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The average hedge funder likely made a lot more than you last year

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There are plenty of good reasons to want to work for a hedge fund. It’s exciting, the hours aren’t as brutal as they are on the sell-side and the job comes with a host of sweet perks. Of course none of those are the real reason people chose to work for hedge funds. It’s the money. Hedge funders made bank last year.

Total mean compensation for investment professionals at hedge funds nearly surpassed $950,000 last year, up 18% over 2012 numbers, according to Institutional Investor’s Alpha.

Senior portfolio managers took home the biggest haul – an average of over $1.4 million – though junior portfolio managers saw the biggest increase in year-over-year compensation with an 81% jump to $887,000. The average senior PM saw a 27% increase in total comp.

But perhaps the biggest surprise in the report is how well non-investment hedge fund employees did. They earned an average of $575,000 last year, up 6% compared to 2012. Compliance and risk roles may not have the same cache, but the money is still there.

The financial windfall came during a decent but less-than-spectacular year for hedge funds, which returned an average of around 10% in 2013. That would be all well and good if the S&P didn’t climb 30% during the same period. Obviously most firms are hedging against risk, but that’s still a fairly wide disparity.

Investors don’t seem to mind all that much. The industry is on pace to attract as much as $171 billion in new investments in 2014, which could push total industry assets to a record $3 trillion by the end of the year.

Resume Clichés To Avoid (eFinancialCareers)

Here’s a host of resume clichés particular to each line of business in banking that will severely hinder your chances of scoring an interview.

Barclays’ Bankers OK With Job Cuts? (eFinancialCareers)

You might think the extraction of nearly 30% of the investment bank’s headcount would cause some upset within Barclays. Not at all. By the way, Barclays just cut seven people from its Scandinavian and continental European fixed-income teams.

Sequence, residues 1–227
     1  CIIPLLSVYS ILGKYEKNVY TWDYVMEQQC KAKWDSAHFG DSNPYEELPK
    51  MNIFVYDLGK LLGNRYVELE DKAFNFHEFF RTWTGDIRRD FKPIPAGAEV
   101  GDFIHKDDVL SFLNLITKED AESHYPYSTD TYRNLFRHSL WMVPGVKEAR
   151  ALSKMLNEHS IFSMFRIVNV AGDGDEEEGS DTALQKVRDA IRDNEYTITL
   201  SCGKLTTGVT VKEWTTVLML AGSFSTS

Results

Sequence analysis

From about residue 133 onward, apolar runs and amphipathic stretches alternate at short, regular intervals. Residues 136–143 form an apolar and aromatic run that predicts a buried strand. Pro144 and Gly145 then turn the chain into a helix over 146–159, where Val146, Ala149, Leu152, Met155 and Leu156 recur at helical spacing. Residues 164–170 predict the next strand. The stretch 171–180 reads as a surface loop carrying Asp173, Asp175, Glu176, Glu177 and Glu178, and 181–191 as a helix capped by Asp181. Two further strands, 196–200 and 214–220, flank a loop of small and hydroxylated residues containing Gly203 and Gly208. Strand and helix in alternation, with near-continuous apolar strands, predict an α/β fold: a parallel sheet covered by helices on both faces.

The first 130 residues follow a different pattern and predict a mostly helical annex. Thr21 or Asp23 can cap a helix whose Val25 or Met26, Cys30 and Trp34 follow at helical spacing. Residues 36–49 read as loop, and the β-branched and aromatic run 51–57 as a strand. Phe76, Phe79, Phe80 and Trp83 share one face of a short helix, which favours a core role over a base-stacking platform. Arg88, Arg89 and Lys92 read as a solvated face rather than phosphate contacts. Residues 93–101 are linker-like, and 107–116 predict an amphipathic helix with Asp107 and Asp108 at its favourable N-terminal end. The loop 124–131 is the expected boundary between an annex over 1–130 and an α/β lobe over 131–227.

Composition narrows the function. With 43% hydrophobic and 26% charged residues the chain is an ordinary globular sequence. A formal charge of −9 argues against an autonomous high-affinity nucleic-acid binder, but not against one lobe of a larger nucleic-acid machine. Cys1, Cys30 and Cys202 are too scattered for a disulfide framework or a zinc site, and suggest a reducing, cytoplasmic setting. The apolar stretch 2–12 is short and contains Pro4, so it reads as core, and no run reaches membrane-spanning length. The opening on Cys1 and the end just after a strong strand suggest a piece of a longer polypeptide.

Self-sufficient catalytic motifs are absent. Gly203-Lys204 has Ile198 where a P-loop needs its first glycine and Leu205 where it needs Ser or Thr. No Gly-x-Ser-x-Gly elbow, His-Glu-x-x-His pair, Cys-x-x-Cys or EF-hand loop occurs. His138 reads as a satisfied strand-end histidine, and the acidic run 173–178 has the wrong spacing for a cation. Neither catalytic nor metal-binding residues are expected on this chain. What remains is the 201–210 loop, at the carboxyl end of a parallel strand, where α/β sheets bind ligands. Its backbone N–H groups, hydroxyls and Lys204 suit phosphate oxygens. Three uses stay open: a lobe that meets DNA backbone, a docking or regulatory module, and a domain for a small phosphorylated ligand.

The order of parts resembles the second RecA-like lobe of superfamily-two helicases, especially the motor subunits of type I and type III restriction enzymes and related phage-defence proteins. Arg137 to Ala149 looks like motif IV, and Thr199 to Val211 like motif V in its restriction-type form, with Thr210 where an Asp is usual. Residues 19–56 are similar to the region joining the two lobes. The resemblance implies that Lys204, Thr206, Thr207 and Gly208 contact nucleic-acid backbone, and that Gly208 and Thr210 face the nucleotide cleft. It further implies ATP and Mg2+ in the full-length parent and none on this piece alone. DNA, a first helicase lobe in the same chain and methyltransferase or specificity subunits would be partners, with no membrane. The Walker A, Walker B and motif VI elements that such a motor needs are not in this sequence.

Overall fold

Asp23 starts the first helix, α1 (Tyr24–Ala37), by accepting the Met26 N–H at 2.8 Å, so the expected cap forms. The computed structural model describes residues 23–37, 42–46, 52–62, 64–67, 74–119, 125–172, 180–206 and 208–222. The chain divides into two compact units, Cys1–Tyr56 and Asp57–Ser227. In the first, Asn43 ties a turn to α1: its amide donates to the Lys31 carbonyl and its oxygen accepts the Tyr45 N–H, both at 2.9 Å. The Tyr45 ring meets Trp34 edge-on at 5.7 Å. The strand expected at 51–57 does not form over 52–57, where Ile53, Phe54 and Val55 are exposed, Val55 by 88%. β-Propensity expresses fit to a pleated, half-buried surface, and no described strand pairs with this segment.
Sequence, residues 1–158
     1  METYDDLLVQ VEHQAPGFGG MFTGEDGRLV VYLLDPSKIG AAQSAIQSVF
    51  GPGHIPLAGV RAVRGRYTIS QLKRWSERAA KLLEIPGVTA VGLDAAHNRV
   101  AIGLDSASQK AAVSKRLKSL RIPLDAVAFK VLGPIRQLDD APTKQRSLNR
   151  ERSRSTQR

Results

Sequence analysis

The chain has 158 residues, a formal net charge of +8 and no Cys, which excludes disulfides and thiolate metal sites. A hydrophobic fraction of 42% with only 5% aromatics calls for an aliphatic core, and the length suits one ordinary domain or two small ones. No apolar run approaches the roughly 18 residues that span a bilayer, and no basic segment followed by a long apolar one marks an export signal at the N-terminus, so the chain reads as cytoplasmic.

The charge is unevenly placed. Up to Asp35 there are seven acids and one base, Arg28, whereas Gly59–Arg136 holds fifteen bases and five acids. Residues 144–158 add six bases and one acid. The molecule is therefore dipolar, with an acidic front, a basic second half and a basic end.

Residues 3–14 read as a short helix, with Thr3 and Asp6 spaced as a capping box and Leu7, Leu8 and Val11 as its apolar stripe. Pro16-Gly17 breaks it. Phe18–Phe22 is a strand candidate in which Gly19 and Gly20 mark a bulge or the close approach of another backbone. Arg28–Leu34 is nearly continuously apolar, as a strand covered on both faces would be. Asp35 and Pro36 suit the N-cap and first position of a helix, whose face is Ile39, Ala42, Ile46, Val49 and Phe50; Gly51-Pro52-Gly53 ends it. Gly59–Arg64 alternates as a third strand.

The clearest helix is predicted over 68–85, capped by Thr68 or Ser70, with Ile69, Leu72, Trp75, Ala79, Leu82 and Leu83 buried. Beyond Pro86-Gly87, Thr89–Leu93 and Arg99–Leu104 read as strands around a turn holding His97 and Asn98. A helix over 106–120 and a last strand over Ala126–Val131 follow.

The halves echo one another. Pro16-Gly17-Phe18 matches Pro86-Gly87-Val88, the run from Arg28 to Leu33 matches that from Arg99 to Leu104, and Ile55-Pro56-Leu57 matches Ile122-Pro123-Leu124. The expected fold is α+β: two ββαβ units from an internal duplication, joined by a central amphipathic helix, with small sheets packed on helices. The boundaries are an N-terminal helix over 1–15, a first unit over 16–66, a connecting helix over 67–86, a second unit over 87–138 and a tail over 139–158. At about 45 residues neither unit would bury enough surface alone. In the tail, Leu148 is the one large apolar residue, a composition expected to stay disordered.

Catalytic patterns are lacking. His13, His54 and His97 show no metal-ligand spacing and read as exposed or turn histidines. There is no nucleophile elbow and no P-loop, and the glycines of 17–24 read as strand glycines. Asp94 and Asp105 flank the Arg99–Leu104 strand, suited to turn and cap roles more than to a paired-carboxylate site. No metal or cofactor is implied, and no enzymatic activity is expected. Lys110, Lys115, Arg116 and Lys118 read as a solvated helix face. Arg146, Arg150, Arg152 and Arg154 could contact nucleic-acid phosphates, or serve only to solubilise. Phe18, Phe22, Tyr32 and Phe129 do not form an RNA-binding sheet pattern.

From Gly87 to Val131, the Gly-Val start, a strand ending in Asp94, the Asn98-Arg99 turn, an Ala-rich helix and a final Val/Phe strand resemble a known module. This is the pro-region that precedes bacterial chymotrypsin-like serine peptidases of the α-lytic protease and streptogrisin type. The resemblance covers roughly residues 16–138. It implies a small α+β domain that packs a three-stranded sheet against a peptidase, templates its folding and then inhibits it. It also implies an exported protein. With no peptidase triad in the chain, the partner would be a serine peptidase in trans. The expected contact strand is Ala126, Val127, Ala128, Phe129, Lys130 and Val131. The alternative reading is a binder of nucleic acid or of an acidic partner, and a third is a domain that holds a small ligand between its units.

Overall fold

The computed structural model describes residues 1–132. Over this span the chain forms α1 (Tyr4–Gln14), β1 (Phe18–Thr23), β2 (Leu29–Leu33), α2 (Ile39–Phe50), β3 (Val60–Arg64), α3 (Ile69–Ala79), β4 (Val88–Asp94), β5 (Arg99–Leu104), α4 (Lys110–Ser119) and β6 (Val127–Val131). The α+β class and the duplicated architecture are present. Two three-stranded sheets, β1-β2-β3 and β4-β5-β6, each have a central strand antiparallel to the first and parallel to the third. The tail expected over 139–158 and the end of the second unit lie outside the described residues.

The Elevate Network (WSJ)

Former Bank of America executive Sallie Krawcheck is launching a new index fund that invests in companies that boast strong gender diversity.

End of the Solo Act for Taubman (Reuters)

Former Morgan Stanley rainmaker Paul Taubman is starting his own advisory boutique. He’s already poached two senior bankers from his old employer – Robert Friedsam and James Murray.

Code Stealing Suspicion (WSJ)

KCG, the byproduct of the Knight Capital and Getco merger, suspect that a former technology executive who now works for rival company Clearpool Group may have stolen the trading firm’s computer code. Raymond Ross, chief technology officer at Clearpool, has denied any wrongdoing.

New Head at General Re (Bloomberg)

General Re, Berkshire Hathaway’s asset management unit, has promoted Bill Rotatori to chief executive officer. Rotatori is replacing Jerry Lynch, who will retire at the end of the year.

One Hired, One to Go (Financial News)

Halcyon Asset Management has hired former Benros Capital founder and ex-Goldman prop trader Daniele Benatoff as the new managing principle in charge of the U.S. firm’s push into Europe. Halcyon is currently recruiting a co-head to join Benatoff.

Buzz Around the Office

Sad But Likely True (HuffPo)

Fake news programs like “The Colbert Report” may do a better job of keeping people informed than actual news stations like MSNBC, CNN and Fox News, a new study suggests.

Quote of the Day: “I would say that my job, when things are going well, there’s nothing more fun and I can never imagine leaving it. When things are going badly, my sense of responsibility takes over, and I couldn’t imagine leaving it,” Goldman Sachs CEO Lloyd Blankfein squashing any retirement talk

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